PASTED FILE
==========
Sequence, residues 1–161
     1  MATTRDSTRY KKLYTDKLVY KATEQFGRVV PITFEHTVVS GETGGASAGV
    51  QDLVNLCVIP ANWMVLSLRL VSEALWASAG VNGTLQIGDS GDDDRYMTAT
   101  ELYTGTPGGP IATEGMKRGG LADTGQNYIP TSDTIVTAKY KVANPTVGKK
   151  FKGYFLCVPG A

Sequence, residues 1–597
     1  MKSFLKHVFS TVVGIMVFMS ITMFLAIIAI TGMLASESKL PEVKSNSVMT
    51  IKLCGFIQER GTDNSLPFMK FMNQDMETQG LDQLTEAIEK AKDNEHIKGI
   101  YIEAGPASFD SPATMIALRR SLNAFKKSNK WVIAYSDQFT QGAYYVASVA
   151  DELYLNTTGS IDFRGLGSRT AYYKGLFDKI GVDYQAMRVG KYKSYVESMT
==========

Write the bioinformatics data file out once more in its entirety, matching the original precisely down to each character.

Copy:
Sequence, residues 1–161
     1  MATTRDSTRY KKLYTDKLVY KATEQFGRVV PITFEHTVVS GETGGASAGV
    51  QDLVNLCVIP ANWMVLSLRL VSEALWASAG VNGTLQIGDS GDDDRYMTAT
   101  ELYTGTPGGP IATEGMKRGG LADTGQNYIP TSDTIVTAKY KVANPTVGKK
   151  FKGYFLCVPG A

Sequence, residues 1–597
     1  MKSFLKHVFS TVVGIMVFMS ITMFLAIIAI TGMLASESKL PEVKSNSVMT
    51  IKLCGFIQER GTDNSLPFMK FMNQDMETQG LDQLTEAIEK AKDNEHIKGI
   101  YIEAGPASFD SPATMIALRR SLNAFKKSNK WVIAYSDQFT QGAYYVASVA
   151  DELYLNTTGS IDFRGLGSRT AYYKGLFDKI GVDYQAMRVG KYKSYVESMT